By Jamie Schlegel
Edited by Natalie Grace Sipula
[3.5 minute read]
The coastline of Chile is composed of many turns and rocky edges. My fellow travelers and I kept ourselves entertained watching them as our van turned those corners for several hours on the drive from Santiago to Valparaiso. Gradually, the tell-tale signs of a city began to make themselves apparent: less ocean and more buildings. Finally, the van came to a stop. As we unpacked our bags and headed into the hostel, we already felt the chilly weather of the southern hemisphere.
The place we were going to stay at turned out to be on the top floor of the building. Fairly early in the morning, we were woken up by the sunlight streaming in through the skylights. As we crawled sheepishly out of bed, the realization that we were in a new city truly woke us up. After a quick breakfast of bread, cheese, and jam, we rushed out into the winter air. The neighborhoods in Valparaiso are called Cerros, and our Cerro was one of the most colorful places I had ever seen. The streets were made of cobblestone and were reminiscent of Europe. The buildings were lined with small shops, each one different from the last. The apartments that sprawled above them were colored in magnificent yellows, pinks and blues.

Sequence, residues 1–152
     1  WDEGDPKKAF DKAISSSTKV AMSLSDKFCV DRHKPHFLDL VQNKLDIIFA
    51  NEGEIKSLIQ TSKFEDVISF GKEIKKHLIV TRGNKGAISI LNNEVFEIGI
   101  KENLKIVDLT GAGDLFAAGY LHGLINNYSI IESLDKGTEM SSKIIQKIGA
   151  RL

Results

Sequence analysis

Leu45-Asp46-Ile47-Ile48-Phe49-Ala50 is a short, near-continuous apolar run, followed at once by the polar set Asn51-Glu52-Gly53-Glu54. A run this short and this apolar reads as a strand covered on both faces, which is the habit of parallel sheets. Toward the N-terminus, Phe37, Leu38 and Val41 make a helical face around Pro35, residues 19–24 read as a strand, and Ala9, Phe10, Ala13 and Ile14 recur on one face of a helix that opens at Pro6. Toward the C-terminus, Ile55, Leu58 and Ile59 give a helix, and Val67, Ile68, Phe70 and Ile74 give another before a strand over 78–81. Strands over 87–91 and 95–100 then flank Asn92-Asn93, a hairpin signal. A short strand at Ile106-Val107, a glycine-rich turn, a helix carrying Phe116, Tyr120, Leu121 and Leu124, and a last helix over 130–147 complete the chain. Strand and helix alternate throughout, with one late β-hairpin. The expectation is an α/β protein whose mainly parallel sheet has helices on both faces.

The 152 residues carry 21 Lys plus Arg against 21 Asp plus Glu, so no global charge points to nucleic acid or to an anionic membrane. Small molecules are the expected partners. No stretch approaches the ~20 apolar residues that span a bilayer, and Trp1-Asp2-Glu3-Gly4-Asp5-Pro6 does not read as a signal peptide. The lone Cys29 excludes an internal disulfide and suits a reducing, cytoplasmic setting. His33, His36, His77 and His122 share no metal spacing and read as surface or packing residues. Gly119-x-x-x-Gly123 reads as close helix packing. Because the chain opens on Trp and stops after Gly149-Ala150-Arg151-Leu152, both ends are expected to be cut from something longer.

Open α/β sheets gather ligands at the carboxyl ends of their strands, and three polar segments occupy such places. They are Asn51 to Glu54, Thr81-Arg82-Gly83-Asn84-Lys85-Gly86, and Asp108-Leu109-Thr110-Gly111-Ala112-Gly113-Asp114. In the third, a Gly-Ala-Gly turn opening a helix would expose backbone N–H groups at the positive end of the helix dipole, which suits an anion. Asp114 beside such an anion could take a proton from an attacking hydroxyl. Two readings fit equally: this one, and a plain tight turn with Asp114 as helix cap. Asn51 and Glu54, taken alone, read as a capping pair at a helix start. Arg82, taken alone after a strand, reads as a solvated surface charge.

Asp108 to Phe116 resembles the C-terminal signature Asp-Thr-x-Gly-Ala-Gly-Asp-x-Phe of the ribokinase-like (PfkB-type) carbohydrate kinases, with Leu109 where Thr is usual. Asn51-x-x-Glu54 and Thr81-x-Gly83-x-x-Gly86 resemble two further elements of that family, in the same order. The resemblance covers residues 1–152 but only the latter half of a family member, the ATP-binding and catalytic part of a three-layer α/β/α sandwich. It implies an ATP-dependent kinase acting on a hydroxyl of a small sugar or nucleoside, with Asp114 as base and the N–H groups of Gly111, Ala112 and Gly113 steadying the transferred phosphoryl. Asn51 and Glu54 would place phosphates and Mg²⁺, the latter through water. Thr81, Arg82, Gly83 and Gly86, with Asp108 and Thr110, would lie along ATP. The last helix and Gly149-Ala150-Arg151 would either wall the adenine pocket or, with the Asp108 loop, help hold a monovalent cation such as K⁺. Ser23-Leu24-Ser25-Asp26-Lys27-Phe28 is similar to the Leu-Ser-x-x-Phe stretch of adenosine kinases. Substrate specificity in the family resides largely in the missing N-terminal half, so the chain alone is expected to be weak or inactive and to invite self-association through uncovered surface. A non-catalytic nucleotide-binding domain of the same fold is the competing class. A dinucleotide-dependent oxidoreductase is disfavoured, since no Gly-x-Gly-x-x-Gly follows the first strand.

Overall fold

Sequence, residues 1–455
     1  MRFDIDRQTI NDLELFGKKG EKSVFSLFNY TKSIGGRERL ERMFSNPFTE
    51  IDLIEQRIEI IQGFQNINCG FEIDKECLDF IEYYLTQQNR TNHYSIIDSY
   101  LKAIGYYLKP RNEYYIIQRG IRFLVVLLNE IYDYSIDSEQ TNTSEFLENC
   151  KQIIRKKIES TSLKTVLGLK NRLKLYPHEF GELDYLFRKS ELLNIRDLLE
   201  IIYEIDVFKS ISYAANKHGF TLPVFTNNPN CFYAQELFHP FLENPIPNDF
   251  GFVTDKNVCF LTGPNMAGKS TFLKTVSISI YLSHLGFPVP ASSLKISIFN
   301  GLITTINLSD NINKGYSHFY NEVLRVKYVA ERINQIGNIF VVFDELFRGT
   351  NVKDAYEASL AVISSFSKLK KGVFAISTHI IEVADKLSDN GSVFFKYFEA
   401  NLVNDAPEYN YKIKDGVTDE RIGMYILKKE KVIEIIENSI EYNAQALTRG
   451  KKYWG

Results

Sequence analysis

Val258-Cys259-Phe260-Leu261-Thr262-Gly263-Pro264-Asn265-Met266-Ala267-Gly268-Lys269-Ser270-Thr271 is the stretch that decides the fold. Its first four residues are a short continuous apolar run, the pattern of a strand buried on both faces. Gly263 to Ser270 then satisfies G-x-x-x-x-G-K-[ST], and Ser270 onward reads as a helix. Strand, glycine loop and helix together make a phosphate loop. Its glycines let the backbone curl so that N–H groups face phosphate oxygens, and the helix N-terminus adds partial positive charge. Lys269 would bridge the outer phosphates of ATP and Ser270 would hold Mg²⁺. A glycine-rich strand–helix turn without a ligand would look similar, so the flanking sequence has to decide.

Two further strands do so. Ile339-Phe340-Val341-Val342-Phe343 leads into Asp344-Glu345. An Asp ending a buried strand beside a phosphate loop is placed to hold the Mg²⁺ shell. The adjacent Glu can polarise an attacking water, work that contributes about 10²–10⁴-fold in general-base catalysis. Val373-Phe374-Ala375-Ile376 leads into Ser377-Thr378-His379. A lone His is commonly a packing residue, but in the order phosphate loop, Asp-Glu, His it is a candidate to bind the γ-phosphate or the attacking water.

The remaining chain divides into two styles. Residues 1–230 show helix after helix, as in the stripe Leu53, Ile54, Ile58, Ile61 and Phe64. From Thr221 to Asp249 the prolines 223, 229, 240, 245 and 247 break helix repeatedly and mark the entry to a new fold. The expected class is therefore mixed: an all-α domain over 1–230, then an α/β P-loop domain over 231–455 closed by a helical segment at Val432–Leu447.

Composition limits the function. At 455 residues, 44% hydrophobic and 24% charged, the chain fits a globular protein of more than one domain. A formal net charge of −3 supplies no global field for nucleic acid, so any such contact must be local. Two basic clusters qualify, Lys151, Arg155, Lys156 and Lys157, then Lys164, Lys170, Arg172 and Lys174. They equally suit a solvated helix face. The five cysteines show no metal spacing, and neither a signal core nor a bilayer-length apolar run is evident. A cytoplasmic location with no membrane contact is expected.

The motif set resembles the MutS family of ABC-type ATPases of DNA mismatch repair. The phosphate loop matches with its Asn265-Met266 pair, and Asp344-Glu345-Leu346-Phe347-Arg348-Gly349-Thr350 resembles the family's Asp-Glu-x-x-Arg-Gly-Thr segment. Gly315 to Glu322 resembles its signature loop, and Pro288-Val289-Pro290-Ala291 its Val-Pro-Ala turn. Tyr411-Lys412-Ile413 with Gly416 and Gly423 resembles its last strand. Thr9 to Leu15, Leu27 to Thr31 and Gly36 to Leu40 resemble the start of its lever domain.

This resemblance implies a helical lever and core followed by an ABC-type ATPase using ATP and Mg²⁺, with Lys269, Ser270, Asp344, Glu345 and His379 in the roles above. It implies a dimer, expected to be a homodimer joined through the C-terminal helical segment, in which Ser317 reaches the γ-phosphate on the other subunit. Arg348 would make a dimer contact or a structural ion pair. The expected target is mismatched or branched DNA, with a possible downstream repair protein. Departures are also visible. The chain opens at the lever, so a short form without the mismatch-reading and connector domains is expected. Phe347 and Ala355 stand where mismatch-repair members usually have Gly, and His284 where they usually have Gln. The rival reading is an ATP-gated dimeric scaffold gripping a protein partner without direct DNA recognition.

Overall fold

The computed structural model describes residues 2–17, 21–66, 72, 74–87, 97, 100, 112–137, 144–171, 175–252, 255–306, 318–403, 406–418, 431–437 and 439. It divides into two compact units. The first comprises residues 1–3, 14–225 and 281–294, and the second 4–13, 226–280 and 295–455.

The buildings of Valparaiso were beautiful, but I would say the most magnificent sight in the city was the murals. Every inch of the city, from the steps to the lampposts to the 50-foot-long walls, were covered with art more amazing than those found in any museum I had ever visited. There were renditions of Van Gogh’s Starry Night with 20-foot sunflowers, a powerful indigenous woman, and many more that I couldn’t even begin to understand. The city encouraged art, and the people there seemed to look at life differently because of that.Continue reading Valparaiso: A City of Art